A lawyer representing investors defrauded by the notorious crypto scam Onecoin has urged authorities in Bulgaria to act on the case, claiming that the “world’s largest pyramid scheme” is still operating from the country. In a petition with the Bulgarian Constitutional Ombudsman, Jonathan Levy accuses officials in Sofia of failing to provide justice to the victims while seemingly protecting “the most notorious criminal organization.”
Lawyer Slams Bulgarian Authorities for ‘Misfeasance’ in Onecoin Case
In the petition, Dr. Levy points out that Onecoin has been recognized as a criminal enterprise by a number of countries including the United States, Argentina, and Germany, and classified as a pyramid scheme by law enforcement agencies such as the FBI. At the same time, the €20 billion cryptocurrency scam allegedly maintains several offices in the Bulgarian capital, uses a number of corporate identities, continues its operations unabated, and has even held a recruitment event this past summer.
The Crypto Ponzi scheme Onecoin was launched in 2014 and promoted through Bulgaria-based offshore entities Onecoin Ltd, registered in Dubai, and the Belize-incorporated Onelife Network Ltd. Both were founded by the pyramid’s mastermind, Bulgaria-born ‘Crypto Queen’ Dr. Ruja Ignatova, also a German national holding a PhD in European private law, and her partner Sebastian Greenwood from Sweden.
Ignatova disappeared in 2017 while her brother, Konstantin Ignatov, another Onecoin co-founder, was arrested in Los Angeles in 2019 and charged with financial crimes. He has since started cooperating with law enforcement, testified about Onecoin’s association with organized crime in Bulgaria and elsewhere, pleaded guilty, and sought witness protection. The scheme has been linked to terrorism funding as well. A number of people involved in the investigation and legal proceedings, including Ignatov, have complained about receiving legal and other threats.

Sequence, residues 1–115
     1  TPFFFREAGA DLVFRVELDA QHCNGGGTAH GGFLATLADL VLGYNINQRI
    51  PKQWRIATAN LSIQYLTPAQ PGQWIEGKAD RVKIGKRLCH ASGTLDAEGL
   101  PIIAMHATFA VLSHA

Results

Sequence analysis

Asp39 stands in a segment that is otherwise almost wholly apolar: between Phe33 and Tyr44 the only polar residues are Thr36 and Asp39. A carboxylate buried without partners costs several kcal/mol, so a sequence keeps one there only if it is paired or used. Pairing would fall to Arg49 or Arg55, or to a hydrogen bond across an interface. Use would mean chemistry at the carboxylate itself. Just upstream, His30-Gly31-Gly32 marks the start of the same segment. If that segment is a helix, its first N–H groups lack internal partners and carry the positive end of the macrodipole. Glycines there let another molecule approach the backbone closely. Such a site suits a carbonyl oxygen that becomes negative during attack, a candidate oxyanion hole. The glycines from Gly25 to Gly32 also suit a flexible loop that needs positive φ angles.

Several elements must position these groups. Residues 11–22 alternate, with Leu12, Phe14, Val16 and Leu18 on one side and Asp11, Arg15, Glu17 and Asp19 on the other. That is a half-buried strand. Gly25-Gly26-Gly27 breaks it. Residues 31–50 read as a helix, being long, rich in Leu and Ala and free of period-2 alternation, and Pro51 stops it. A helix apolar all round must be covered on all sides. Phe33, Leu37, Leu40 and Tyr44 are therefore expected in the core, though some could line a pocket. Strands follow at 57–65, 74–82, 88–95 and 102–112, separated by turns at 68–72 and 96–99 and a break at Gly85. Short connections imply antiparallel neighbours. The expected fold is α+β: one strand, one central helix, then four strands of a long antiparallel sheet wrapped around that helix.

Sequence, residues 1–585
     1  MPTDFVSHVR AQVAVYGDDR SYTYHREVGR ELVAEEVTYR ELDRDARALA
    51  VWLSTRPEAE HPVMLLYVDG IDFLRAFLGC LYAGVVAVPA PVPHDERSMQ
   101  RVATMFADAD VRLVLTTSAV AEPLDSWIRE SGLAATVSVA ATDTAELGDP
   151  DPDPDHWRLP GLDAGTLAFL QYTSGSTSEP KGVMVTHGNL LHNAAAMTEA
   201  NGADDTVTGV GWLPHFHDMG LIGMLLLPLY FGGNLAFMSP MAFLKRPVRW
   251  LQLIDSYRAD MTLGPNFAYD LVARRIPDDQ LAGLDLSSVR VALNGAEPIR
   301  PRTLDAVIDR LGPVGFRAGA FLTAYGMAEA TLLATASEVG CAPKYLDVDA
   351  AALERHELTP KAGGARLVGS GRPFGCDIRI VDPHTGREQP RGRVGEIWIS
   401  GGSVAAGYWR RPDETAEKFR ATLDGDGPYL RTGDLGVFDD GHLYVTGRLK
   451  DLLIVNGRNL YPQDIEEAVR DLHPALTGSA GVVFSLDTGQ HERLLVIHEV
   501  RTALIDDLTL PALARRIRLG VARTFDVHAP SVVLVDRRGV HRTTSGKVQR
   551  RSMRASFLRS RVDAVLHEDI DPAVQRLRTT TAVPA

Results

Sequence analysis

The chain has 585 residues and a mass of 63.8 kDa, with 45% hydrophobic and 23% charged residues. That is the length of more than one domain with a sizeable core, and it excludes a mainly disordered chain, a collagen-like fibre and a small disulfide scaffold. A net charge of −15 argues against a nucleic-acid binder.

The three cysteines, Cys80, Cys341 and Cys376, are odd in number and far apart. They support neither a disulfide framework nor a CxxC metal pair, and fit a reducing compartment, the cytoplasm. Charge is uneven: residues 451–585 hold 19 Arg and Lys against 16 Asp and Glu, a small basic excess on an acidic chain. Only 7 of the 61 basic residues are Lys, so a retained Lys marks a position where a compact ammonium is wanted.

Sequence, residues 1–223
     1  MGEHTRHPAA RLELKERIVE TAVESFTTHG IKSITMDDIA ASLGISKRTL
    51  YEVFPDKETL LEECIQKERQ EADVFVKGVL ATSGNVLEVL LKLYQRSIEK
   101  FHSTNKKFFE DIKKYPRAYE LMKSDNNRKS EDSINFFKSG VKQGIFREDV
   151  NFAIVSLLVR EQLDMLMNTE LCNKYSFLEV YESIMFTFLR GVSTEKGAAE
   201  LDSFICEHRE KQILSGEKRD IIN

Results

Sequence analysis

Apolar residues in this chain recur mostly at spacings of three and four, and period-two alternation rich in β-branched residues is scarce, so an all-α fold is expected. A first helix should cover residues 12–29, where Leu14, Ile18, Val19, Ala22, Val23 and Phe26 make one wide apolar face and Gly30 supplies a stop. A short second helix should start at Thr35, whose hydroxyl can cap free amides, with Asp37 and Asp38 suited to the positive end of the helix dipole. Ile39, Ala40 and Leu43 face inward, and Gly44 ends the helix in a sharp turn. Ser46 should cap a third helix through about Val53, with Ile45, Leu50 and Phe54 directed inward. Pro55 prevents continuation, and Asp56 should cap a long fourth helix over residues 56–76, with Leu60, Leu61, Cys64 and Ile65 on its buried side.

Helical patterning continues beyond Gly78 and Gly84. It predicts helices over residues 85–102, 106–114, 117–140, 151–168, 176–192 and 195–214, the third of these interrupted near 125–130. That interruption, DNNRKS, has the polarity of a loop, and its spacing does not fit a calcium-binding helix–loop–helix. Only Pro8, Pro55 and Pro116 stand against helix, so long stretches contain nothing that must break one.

The document submitted by Jonathan Levy lists a number of other key figures in the scam and claims that “the Ignatovs, Onecoin and their proxies in Bulgaria and Dubai currently control moveable and immoveable property, investments, cryptocurrency, bank accounts and cash exceeding €12.5 billion” ($14.2 billion).
The lawyer slams Bulgarian authorities for their limited actions on the case, recalling a single general warning about Onecoin issued in 2015 by the Financial Supervision Commission, which later ignored the matter, as well as police raids on its offices in Sofia in 2018, ordered by Ivan Geshev who now serves as Bulgaria’s Prosecutor General and conducted on request from Europol and the German police. Levy also states:
We are unaware of any arrests or confiscation of bank accounts, cash, cryptocurrency, or property belonging to the victims. If Bulgarian law enforcement has confiscated assets it has not provided a public accounting or process for victims to be compensated.
According to the legal representative, Onecoin is the largest pyramid scheme in world history, exceeding both the Madoff and Mavrodi pyramids. However, the filed complaint largely concerns itself with Onecoin’s Bulgarian operation, the full extent of which remains unknown, and is “directed at the misfeasance by Bulgarian law enforcement in regard to their EU mandated duty to victims of crime.”